Borderline Personality Disorder (BPD) is a common psychiatric disorder found in approximately 2% to 6% of the population and 20% of hospitalized psychiatric patients. It is characterized by intense and rapid mood changes, self-destructive behavior, sucidality, and tumultuous relationships. It has proved very difficult to treat with either medications or psychotherapy. Suicide rates of approximately 10% have been reported. In additional to the emotional costs of the suffering experienced by borderline patients and their loved ones, BPD patients typically function at a level substantially below that of individuals with comparable intellect and they consume a disproportionate share of mental health resources. The difficulty controlling emotion, so central to the disorder, has proved a particularly difficult to treat. The present study utilizes the latest neuroimaging findings in BPD to generate new ideas for the psychotherapy of the disorder. This project builds upon our previous neuroimaging work, which has shown that when BPD patients try to control their emotions by employing a method that healthy people frequently use quite effectively -- taking an emotional distance from what is upsetting - BPD patients are not able to quiet down the part of their brain that sends out emotional alarm signals. The objective of the present study is to determine whether giving BPD patients special training in using this healthy distancing stragegy can help them to improve their ability to regulate their emotions and return their brain activity to a more normal pattern. We will do this by using fMRI to record brain activity as BPD subjects try to use distancing to reduce their emotional reactions to upsetting pictures before any training, then to have them receive specific training in the distancing strategy. After this training we will again obtain an fMRI scan to determine whether their pattern of brain activation has normalized and whether they have been able to better reduce their negative reactions to the pictures. If this is effective, it will show that such training may help BPD patients better regulate their emotions and would support a program to further develop and incorporate distancing training into the psychotherapy of BPD patients. A second objective of the present study is to determine whether the tendancy of BPD patients to become increasingly sensitized to negative situations when they are re-experienced (as shown by increased activity of the brain's emotional alarm system), will reduce with additional exposure, as it does in patients with phobias, or will continue to increase. Knowing this can help the therapist plan how to most therapeutically approach disturbing life experiences in the psychotherapy of BPD patients. This project represents an important step in brain imaging research since it applies information learned about brain activity patterns to develop new approaches to psychotherapy. It addresses a serious, prevalent and difficult to treat disorder.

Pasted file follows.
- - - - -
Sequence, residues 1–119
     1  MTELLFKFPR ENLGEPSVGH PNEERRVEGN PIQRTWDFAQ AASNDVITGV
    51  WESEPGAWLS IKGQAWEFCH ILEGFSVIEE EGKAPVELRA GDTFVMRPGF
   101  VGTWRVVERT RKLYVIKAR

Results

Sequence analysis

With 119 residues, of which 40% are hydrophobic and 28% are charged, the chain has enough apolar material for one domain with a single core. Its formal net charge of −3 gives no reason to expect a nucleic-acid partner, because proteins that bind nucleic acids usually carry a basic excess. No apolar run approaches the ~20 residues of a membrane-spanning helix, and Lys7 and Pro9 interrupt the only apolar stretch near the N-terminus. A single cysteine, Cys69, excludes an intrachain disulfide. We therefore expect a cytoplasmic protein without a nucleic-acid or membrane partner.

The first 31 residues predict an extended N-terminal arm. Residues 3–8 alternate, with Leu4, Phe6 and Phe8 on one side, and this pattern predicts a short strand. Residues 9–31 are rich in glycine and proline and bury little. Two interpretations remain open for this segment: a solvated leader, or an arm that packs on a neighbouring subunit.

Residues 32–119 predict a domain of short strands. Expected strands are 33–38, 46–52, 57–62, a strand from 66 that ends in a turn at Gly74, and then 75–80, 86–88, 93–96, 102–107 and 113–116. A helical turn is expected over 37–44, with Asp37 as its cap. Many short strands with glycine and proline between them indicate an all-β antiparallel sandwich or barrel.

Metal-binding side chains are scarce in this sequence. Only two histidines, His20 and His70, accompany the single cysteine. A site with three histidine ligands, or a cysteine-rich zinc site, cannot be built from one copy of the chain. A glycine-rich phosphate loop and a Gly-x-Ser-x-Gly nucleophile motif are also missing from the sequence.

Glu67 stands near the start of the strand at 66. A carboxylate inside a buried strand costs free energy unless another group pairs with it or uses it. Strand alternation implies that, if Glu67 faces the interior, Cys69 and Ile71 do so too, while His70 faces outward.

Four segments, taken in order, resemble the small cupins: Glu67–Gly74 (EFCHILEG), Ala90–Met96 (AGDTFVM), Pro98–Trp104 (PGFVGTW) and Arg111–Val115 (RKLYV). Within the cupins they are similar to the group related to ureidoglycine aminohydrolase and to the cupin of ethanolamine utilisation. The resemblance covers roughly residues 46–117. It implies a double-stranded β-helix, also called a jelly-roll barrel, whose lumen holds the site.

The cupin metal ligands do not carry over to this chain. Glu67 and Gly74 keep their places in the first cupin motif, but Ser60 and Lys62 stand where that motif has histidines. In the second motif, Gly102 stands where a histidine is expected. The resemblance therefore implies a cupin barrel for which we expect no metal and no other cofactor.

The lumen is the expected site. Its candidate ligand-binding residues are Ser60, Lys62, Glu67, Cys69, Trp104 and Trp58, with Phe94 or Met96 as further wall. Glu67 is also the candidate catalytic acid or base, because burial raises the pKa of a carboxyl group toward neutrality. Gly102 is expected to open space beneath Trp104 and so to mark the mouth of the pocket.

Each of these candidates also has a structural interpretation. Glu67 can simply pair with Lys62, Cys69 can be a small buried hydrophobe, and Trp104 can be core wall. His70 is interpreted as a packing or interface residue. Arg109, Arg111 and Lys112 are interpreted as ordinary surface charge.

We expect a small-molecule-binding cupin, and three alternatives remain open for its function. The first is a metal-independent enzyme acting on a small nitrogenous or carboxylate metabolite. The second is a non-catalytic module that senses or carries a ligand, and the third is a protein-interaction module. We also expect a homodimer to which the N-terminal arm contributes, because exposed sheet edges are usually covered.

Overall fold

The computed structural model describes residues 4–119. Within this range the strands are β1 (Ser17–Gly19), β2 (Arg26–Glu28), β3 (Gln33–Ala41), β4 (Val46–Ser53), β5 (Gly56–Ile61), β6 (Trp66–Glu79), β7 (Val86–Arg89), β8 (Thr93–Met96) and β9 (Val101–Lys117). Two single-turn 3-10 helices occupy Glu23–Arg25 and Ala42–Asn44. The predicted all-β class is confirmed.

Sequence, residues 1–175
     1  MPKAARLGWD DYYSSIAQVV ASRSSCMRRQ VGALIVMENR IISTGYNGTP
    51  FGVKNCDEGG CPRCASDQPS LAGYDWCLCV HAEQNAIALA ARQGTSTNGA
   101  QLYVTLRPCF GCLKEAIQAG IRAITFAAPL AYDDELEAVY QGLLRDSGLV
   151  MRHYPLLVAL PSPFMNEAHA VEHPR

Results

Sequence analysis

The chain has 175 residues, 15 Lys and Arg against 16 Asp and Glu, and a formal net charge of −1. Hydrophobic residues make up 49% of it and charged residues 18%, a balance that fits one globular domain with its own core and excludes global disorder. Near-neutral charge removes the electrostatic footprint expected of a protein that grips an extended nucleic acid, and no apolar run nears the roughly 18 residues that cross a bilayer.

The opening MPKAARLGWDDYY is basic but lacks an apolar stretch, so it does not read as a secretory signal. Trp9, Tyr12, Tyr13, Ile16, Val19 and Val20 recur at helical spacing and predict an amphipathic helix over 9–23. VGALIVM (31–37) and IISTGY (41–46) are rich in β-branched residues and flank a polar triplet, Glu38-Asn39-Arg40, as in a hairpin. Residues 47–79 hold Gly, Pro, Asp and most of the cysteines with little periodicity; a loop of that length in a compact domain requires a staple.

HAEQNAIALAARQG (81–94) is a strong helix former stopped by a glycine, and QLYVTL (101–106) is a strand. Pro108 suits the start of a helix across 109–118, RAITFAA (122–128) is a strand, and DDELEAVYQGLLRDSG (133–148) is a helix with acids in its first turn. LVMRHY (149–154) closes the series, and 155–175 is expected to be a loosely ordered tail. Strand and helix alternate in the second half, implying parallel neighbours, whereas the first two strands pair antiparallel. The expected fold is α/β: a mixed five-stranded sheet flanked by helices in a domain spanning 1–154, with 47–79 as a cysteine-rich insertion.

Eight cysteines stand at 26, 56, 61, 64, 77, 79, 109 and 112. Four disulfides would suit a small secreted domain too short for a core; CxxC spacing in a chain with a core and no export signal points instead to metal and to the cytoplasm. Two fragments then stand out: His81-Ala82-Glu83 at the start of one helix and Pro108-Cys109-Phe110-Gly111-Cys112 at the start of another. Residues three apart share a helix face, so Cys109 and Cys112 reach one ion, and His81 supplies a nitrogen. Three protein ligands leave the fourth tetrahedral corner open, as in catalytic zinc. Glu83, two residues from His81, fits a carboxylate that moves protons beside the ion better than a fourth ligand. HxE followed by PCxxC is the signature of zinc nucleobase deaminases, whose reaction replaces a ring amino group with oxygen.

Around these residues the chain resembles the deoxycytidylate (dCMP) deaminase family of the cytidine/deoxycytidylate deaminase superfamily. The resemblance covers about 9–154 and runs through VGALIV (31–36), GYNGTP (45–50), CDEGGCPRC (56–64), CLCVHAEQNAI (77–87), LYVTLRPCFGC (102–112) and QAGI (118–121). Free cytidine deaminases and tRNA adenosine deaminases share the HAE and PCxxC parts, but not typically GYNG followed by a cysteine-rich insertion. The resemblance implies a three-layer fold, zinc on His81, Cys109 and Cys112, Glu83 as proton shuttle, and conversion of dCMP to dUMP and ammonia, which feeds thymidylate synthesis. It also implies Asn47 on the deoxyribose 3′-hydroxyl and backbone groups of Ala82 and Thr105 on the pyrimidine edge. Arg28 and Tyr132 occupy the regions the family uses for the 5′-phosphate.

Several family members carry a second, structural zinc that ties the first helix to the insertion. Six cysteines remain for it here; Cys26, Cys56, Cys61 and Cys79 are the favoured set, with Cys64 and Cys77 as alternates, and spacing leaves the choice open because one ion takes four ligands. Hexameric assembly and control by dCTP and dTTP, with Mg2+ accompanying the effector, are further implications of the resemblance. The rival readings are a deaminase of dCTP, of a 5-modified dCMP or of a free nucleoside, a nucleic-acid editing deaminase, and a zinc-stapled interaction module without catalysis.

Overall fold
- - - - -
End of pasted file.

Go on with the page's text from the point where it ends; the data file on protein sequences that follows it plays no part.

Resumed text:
Borderline Personality Disorder (BPD), a prevalent psychiatric disorder found in approximately 2% to 6% of the population and 20% of hospitalized psychiatric patients, has proven quite treatment resistant. In additional to the 10% suicide rate, the emotional costs of the suffering experienced by borderline patients and their loved ones, BPD patients typically consume a disproportionate share of mental health resources. This study is innovative in applying new insights gained from fMRI neuroimaging of the brain to develop new approaches for the treatment of borderline personality disorder.
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